Collective learning is the key for future intellectuals

25 July 2011

Prof Raewyn Connell Organised knowledge: Renowned sociologist Prof Raewyn Connell of the University of Sydney in Australia delivered the VC's Open Lecture on 20 July.

Invented as a symbol of modernity and cultural change, the image of the intellectual is easily parodied.

Renowned sociologist Professor Raewyn Connell of the University of Sydney in Australia believes that although the image of the "dissident, boundary-pushing philosopher of the Paris café, smoking Gauloise cigarettes between attempts at revolution" isn't accurate, it's not an entirely absurd image.

"But," Connell argued in her Vice-Chancellor's Open Lecture on 20 July, "we need to look more closely at what is presupposed, and who is forgotten, in these stories about intellectuals, if we are to face the realities of the 21st century."

Titled Intellectuals in the 21st-Century World, Connell's lecture recontextualised the intellectual, firstly as a labour force, and secondly from a global rather than a Western perspective.

Intellectuals, Connell notes, are a workforce, and produce "intellectual labour".

"Our image of the intellectual tends to focus on great minds and great breakthroughs," said Connell, "but most intellectual work is routine." In her research survey, one of Connell's respondents wrote: "a well-trained monkey can do this work".

In looking at intellectualism "beyond the global North" Connell used her own discipline as an example.

"The colonised world provided sociology with much of its data about the 'primitive'," she said. "A good many sociological texts of the 'classical' era were little more than assemblages of anecdotes, the spicier the better. Sumner's great work Folkways, for instance, ranges from incest and cannibalism to sacred prostitution and child sacrifice."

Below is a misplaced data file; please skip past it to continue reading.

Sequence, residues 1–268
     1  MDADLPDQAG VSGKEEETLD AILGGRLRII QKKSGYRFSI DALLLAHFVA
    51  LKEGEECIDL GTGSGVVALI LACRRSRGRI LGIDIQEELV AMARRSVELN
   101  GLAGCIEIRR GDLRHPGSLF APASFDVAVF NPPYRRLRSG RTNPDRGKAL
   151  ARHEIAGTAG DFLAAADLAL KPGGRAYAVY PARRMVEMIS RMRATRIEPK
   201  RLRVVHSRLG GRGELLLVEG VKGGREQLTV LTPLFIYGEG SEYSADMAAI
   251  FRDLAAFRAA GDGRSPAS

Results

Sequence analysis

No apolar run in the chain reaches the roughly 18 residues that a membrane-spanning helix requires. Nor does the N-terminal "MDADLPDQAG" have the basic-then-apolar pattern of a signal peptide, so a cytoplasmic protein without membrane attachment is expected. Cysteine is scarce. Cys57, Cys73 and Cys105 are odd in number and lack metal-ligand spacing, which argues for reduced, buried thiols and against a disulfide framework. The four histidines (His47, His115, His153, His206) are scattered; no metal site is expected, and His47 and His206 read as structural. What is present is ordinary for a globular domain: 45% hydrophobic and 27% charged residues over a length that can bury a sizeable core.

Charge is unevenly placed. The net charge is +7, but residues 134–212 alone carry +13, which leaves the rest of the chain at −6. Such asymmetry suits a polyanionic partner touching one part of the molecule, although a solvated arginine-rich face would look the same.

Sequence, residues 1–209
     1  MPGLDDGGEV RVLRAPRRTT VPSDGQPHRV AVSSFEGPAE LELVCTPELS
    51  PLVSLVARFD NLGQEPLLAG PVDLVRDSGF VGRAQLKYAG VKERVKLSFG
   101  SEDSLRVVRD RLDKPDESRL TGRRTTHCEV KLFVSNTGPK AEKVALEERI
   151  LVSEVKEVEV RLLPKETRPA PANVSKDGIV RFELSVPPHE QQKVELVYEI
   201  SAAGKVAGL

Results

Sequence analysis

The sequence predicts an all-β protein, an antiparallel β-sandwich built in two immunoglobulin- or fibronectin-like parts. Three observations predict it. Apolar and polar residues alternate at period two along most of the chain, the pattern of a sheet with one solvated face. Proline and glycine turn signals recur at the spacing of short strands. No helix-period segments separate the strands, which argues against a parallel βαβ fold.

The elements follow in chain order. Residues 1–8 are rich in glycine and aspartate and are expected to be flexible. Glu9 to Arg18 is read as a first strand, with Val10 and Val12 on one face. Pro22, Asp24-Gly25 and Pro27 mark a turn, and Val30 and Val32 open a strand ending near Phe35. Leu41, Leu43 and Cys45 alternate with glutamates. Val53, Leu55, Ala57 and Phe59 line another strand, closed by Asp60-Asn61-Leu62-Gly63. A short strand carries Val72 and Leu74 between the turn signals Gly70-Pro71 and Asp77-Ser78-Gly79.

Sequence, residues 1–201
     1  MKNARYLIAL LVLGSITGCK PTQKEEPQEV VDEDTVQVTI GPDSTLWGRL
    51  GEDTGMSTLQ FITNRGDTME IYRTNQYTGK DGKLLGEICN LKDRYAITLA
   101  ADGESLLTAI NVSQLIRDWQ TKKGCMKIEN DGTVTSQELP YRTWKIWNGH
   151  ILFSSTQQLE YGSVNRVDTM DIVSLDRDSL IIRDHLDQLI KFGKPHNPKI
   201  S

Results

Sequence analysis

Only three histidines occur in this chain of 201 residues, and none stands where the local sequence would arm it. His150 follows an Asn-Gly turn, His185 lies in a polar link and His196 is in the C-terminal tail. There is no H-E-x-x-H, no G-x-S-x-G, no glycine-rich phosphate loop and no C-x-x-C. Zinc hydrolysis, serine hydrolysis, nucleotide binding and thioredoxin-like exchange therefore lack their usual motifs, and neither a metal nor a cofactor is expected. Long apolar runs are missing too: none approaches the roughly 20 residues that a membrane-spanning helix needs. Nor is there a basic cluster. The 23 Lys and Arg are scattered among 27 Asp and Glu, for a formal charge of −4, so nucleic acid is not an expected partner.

But between the Great and Cold Wars, the object of knowledge changed. "The object of knowledge now was the society of the metropole itself."

This resulted in "academic dependency" in the "global periphery" where knowledge production became "oriented to the metropole, and theories and methods were, with few exceptions, imported from the metropole".

With the focus on globalisation in the 1990s, explained Connell, sociologists began talking about world society, "but they generalised accounts that had already been worked out within the sociology of the metropole. A formless jelly of hybridisation covered the globe, according to texts that usually denied that there was anything like an imperial power centre".

But what can be done about it?

"One important step is simply to recognise this history - a hidden history in most disciplinary cultures. Another step is to recognise a wider history. Many different patterns of intellectual life have existed in the world beyond the imperial metropole."

Connell argued for a "mutual learning process" - a relation between knowledge systems that is neither subordination nor external co-existence, resulting in a "collective learning".

"These issues matter," said Connell. "In a world dependent as never before on organised knowledge, a great deal is at stake in the relationship between the world and the globalised university system that we academics both live in, and make."

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